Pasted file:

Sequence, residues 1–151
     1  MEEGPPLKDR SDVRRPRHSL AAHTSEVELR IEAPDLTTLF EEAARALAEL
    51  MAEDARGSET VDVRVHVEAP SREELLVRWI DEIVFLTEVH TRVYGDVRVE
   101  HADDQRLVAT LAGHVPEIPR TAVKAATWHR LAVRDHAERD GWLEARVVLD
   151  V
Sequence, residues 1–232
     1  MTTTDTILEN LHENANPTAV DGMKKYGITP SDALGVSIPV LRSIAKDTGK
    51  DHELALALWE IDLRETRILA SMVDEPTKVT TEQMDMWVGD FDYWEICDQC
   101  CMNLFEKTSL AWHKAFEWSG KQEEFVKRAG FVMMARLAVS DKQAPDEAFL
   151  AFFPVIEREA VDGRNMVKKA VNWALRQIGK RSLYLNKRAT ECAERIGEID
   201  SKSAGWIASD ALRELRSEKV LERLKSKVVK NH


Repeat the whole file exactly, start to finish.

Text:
Sequence, residues 1–151
     1  MEEGPPLKDR SDVRRPRHSL AAHTSEVELR IEAPDLTTLF EEAARALAEL
    51  MAEDARGSET VDVRVHVEAP SREELLVRWI DEIVFLTEVH TRVYGDVRVE
   101  HADDQRLVAT LAGHVPEIPR TAVKAATWHR LAVRDHAERD GWLEARVVLD
   151  V
Sequence, residues 1–232
     1  MTTTDTILEN LHENANPTAV DGMKKYGITP SDALGVSIPV LRSIAKDTGK
    51  DHELALALWE IDLRETRILA SMVDEPTKVT TEQMDMWVGD FDYWEICDQC
   101  CMNLFEKTSL AWHKAFEWSG KQEEFVKRAG FVMMARLAVS DKQAPDEAFL
   151  AFFPVIEREA VDGRNMVKKA VNWALRQIGK RSLYLNKRAT ECAERIGEID
   201  SKSAGWIASD ALRELRSEKV LERLKSKVVK NH